Frank Gerrish 1883 – 1917

Frank Gerrish 1883 – 1917

Genealogy is an interest of mine. Adding names to a family tree is fine but sometimes we need to look at the personal stories of the individuals. This voyage of discovery began last year when a cousin showed me a letter which had been retrieved from the effects of a...

Corsham Almshouses: the tulip tree (lirodendron tulipifera)

Corsham Almshouses: the tulip tree (lirodendron tulipifera)

(yellow poplar, saddle wood, canoe wood, white wood) In the debate over the Almshouse proposals, the Tulip tree often had a mention and I thought a few comments on it and its descendants might be appropriate. The Lirodendrons belong to the Magnolia family and their...

Lady Margaret Hungerford Almshouse Bell

Lady Margaret Hungerford Almshouse Bell

Many visitors to the Almshouse may be unaware that within the wooden framed cupola is the original bell. The bell weighs approximately 75 kg and is 510 mm in diameter. There is a two lined inscription THIS BELL BELONGS TO THE ALMES HOVSE OF CORSHAM THE HONORABLE DAME...

WW1 Hospital, Corsham Town Hall 1914-1918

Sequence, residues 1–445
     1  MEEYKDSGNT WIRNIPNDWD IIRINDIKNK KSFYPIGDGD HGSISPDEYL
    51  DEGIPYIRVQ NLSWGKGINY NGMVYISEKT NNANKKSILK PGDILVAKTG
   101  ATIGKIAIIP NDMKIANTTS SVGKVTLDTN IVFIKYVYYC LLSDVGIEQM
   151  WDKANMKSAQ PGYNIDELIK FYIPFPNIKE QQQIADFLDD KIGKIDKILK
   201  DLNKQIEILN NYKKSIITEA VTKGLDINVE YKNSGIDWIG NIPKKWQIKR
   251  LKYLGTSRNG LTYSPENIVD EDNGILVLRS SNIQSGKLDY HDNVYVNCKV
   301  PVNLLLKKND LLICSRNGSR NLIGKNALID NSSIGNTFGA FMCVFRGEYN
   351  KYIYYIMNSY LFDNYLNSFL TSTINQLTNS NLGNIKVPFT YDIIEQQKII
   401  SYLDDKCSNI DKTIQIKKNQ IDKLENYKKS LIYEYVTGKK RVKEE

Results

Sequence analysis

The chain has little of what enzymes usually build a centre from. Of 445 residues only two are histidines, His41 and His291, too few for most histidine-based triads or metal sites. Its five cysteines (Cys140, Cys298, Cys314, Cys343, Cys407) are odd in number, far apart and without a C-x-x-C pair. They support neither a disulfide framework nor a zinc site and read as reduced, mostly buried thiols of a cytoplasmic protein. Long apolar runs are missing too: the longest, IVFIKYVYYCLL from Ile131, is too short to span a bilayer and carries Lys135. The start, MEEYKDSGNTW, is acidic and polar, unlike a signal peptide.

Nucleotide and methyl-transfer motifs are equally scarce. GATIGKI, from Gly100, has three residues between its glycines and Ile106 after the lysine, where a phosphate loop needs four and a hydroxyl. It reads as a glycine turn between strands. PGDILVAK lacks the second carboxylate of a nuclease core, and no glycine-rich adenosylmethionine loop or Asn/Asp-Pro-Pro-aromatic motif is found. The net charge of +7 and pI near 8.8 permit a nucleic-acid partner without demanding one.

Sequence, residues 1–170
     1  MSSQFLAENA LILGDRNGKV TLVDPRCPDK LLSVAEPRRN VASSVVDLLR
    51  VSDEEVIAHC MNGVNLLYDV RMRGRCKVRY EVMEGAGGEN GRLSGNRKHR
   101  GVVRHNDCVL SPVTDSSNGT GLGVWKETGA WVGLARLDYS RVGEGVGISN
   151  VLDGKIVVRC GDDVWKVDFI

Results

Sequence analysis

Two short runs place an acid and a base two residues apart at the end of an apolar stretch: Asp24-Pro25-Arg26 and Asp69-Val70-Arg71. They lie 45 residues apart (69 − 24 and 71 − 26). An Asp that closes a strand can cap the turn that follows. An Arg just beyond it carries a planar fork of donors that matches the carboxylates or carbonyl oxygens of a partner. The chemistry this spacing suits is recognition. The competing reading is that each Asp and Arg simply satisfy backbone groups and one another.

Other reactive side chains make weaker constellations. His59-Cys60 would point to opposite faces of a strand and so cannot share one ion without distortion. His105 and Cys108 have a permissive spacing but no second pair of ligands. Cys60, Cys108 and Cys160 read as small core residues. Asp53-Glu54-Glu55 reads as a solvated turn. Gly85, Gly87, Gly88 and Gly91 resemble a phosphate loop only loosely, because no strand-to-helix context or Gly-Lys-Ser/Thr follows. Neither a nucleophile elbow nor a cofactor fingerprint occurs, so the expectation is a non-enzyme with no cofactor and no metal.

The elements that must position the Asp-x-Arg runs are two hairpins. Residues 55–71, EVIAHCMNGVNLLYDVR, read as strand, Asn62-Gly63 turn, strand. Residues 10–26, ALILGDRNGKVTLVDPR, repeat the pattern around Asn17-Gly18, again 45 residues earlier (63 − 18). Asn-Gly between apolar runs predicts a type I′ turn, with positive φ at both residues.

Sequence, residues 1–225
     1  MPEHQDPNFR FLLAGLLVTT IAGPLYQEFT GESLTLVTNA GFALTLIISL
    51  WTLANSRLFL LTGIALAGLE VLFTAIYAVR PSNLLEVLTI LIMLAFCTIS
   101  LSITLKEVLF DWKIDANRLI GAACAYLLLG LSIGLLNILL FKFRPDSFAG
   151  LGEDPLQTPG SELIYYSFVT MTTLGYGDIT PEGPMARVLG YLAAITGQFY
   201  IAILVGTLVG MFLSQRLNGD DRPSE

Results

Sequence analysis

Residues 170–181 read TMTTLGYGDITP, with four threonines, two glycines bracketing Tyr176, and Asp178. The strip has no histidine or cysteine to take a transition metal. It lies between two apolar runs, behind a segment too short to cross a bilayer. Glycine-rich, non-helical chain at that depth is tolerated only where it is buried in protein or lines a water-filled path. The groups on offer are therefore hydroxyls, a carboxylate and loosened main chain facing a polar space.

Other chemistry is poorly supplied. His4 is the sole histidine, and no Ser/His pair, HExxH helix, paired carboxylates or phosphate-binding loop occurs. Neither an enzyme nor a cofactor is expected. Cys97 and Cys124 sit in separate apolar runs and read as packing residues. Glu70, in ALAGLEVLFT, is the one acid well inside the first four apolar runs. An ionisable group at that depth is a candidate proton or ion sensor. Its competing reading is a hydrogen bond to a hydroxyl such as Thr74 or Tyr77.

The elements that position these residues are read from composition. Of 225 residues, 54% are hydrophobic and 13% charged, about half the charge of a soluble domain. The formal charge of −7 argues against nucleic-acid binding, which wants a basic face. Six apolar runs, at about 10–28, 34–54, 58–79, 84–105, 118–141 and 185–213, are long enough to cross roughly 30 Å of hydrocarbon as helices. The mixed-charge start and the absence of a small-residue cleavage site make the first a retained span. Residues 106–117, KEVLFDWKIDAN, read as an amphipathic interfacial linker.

WW1 Hospital, Corsham Town Hall 1914-1918

As early as August 1914, the people of Corsham were making plans to establish a hospital in the town. According to local newspaper items recorded in CJ Hall’s book ‘Corsham a Illustrated History’ - “in September 1914, a number of Belgian refugees – women and children...

The Horride Murder of Henry Long

The Horride Murder of Henry Long

In the 1590s a long standing feud between the Long and Danvers families culminated in a murder. It has been suggested that this feud may have dated back to the Wars of the Roses. Various Shakespearian authorities have even conjectured that it may have been the...

Inside the Corsham Cellars

Inside the Corsham Cellars

This is a wonderful tale of the conversion of the metaphorical swords into ploughshares. The site has been variously known as Eastlays, Pictor Monks, Eastern Monks and CAD sub depot 2. Quarrying The Pictors began quarrying the site in 1837. It was then called Pictor...